GE Stock Rises As Air Force Kicks Off Contest To Extend This Cold War Icon’s Life

The U.S. Air Force took a key step toward replacing the engines of its storied but aging Boeing (BA) B-52 bomber jets, inviting bids from suppliers General Electric (GE), Raytheon Technologies (RTX) and Rolls-Royce. GE stock and Raytheon stock both rose.


The request for proposals (RFP) released Tuesday seeks to re-engine the entire 76-aircraft B-52 fleet from 2021 to 2035, according to Aviation Week.

GE Aviation, Raytheon’s Pratt & Whitney or Rolls-Royce are vying to supply 608 engines to replace each of the eight P&W TF33 turbofan engines on the Cold War-era bomber. The B-52 engine contract could be worth $5 billion-$7 billion.

Incumbent Pratt & Whitney plans to offer the PW800. GE may offer the CF34 or Passport engine or both, while the U.K.’s Rolls-Royce will offer a military version of the BR.725.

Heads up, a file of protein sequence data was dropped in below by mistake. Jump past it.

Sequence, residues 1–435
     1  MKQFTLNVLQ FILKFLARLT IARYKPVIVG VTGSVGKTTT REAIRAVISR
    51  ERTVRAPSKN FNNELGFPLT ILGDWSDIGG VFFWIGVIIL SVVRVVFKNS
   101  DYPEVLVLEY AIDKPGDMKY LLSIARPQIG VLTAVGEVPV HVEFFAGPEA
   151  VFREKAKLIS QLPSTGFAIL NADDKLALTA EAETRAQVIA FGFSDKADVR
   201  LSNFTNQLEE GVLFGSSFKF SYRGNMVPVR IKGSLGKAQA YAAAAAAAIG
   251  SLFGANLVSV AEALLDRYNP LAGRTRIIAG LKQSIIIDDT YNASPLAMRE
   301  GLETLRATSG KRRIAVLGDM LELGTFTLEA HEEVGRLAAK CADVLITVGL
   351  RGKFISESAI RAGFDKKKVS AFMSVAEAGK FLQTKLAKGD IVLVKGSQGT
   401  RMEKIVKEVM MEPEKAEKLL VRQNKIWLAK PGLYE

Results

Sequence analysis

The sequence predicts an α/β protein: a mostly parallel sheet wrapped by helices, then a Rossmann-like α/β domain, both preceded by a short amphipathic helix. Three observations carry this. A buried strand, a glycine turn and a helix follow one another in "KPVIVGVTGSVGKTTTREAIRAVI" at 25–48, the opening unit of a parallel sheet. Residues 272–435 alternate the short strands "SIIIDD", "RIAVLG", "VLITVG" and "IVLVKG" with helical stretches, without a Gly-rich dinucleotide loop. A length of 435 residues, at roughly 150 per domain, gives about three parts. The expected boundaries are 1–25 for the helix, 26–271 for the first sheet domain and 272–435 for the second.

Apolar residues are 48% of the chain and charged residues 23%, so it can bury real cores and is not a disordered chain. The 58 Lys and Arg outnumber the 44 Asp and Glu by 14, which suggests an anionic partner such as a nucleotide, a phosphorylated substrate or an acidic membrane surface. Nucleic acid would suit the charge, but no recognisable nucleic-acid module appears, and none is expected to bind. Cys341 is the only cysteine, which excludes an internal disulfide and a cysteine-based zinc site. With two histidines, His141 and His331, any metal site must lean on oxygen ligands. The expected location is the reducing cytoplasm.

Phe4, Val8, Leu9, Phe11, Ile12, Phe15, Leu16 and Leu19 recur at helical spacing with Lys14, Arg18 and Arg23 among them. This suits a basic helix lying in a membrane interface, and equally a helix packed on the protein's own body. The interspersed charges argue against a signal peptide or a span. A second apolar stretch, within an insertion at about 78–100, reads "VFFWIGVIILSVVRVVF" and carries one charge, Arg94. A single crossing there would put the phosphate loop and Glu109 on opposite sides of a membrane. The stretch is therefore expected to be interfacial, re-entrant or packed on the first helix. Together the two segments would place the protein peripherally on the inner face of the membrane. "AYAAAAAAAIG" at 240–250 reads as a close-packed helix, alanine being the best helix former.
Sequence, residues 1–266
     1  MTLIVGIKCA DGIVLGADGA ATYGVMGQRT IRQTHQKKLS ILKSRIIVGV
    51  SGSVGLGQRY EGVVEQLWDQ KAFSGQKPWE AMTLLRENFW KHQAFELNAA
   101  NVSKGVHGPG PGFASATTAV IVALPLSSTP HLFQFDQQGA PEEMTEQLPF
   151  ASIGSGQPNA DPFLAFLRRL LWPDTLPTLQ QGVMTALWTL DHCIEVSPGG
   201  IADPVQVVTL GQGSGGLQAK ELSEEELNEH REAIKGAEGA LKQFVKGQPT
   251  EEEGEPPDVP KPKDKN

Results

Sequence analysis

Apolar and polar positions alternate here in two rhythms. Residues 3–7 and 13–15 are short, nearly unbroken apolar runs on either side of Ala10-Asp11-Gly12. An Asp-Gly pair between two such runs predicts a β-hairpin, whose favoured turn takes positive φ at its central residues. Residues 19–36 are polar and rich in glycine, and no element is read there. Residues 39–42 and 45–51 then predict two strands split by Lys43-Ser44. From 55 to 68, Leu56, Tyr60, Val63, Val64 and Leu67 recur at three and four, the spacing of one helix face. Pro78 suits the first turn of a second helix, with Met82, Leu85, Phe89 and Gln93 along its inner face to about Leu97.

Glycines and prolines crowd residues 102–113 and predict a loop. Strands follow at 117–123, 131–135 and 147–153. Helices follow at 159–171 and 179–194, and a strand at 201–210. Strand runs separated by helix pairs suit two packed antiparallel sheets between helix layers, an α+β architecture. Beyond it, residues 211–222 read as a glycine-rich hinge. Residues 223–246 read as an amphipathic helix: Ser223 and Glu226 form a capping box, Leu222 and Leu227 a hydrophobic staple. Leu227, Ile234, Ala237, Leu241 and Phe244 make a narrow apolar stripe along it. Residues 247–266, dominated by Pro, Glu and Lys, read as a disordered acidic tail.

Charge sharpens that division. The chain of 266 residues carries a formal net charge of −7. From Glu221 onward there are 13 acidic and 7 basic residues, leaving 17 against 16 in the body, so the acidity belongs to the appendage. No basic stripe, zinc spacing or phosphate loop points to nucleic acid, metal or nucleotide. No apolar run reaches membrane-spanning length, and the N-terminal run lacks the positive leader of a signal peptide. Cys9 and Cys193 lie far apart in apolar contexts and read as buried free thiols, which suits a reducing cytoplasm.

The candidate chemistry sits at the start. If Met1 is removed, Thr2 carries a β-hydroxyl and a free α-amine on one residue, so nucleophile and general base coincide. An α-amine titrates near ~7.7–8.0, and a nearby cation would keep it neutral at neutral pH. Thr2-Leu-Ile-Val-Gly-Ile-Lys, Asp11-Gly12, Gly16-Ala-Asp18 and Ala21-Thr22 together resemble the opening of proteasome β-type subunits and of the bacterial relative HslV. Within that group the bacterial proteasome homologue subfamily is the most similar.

The B-52 re-engine proposals are due July 22. Besides 608 new engines, the contract includes spare engines and related support.

The current P&W TF33 engines on the B-52 cannot be sustained beyond 2030, according to the Air Force. The B-52 itself is expected to continue operating beyond 2050.

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GE Stock, Raytheon Stock

Shares of General Electric rose 3.2% to 6.41 on the stock market today. GE stock is testing the 50-day and has a lagging relative strength line, according to MarketSmith chart analysis. Raytheon stock gained 1.3% to 58.76, retaking its 50-day line.

Both GE and Raytheon Technologies say their military aviation businesses remain strong. But the commercial side has been hard hit by the coronavirus pandemic.

Britain’s Rolls-Royce said Wednesday it’s cutting 9,000 jobs from its global staff of 52,000, as the pandemic takes a toll on airlines. CEO Warren East expects air travel not to recover for three to five years.

Raytheon CEO Greg Hayes similarly expects a commercial aviation recovery to take three years, and has imposed furloughs and pay cuts. GE has slashed 25% of its aviation jobs worldwide.


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